1-It's an extensive subject. If you wish to discuss this, I invite you to put your comments on the post I created to this effect and which I provided the link. But even if you do, you will have to first quote what I wrote so I'll know exactly what you are referring to.

2-Yes, I think you have a point there. You can't make a discourse on a protest sign. Still, I think this could be improved.

3-Well, I was mostly reporting the comments I read, but it did more or less join with what I suspected before. As for them being the real reasons, I can only guess. I think some of the reasons other anons enumerated may play too, like getting bored, etc. There is obviously a mix of different reasons.

Anyway, after the Feb. protest, Anonymous announced that protesters will be there in increasing numbers, and the Mar.protest seemed to make him right. However, this is really not what happened in all subsequent protests, very very far from it. So I think there's a fail element there. This does not necessarily mean the existing protests in low number are not effective, but it's kind of two different issues.

Part of my reasons to believe at least some anons arrived at the conclusion the CoS was not as worthy of protest as they thought is based on what I observed. For example in discussions led by Louanne on his blog (sorry am not sure I would be able to retrace it but anyway I am relating my subjective experience here, not trying to convince you). (For the site URL search Louanne on my blog). Another reason is based on my own views as expressed on my myth pages, and I believe some people may come to the same conclusions I did. A third reason is that I have seen the cognitive dissonance phenomenon on people too, in comments, debates and through emails I receive because of my web site - based on a ten year experiences that long precedes anons. For example people will ask if all the allegations of illegal activities were true why isn't the CoS been banned already? Recently even Germany decided that they don't have enough evidence to do that, so how about other countries who are not that set against Scientology?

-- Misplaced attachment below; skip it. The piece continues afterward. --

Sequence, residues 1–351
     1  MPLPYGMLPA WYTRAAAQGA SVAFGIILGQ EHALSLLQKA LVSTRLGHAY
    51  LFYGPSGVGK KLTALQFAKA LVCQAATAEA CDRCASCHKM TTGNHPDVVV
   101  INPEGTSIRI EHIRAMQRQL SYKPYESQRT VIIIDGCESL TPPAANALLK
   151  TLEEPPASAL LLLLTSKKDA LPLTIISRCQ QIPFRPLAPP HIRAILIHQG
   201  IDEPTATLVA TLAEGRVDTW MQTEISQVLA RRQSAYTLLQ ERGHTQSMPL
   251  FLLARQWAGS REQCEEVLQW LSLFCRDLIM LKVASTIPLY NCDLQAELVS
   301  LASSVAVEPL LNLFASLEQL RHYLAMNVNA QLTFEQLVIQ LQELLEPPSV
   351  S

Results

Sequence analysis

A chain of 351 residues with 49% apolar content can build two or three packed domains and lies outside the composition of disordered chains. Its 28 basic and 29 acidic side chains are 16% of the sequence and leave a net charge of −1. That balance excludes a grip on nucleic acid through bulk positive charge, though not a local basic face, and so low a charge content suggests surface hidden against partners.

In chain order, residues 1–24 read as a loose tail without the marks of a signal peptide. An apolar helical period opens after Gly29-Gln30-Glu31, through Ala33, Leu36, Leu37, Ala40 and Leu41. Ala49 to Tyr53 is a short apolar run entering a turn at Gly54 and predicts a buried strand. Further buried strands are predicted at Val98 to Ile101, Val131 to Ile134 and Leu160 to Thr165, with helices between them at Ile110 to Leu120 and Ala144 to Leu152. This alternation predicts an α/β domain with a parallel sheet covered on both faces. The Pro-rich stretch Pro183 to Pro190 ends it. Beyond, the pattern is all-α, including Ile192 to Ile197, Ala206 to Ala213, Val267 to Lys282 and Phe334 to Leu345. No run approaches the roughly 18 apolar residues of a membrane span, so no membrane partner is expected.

That's why I am not surprised to see the kind of comments posted on StumbleUpon.

Now I am not a augur and cannot tell that these are definitely the reasons, but it seems to converge.

whoever see a "Scientology Kills" sign then look around for bodies, will not find much even after half a century and millions having gone through Scientology's hand. Even that whyaretheydead web site of my Dutch friend Mike would so easily be debunked just by listing who's on it and why they died. A guy once counted the number of suicide it contains and came up with 26... in the course of 50 years... world-wide... now compare this to the average of even a small country.. even if you were to multiply this number by ten (making 260). And still there would be no clear link between this and Scientology. Even the case of Megan Meier MySpace suicide is more convincing than anything I've read on that site.

So it is my believe indeed that people who see such signs and then dig a bit deeper in whatever information is available on the net outside from critical web sites, and just look around them and just think for a minute, will not find the claim very credible and would indeed arrive at the conclusion that Scientology is not that bad and is not worth protesting. So that's an example of sign that is not very productive, to say the least.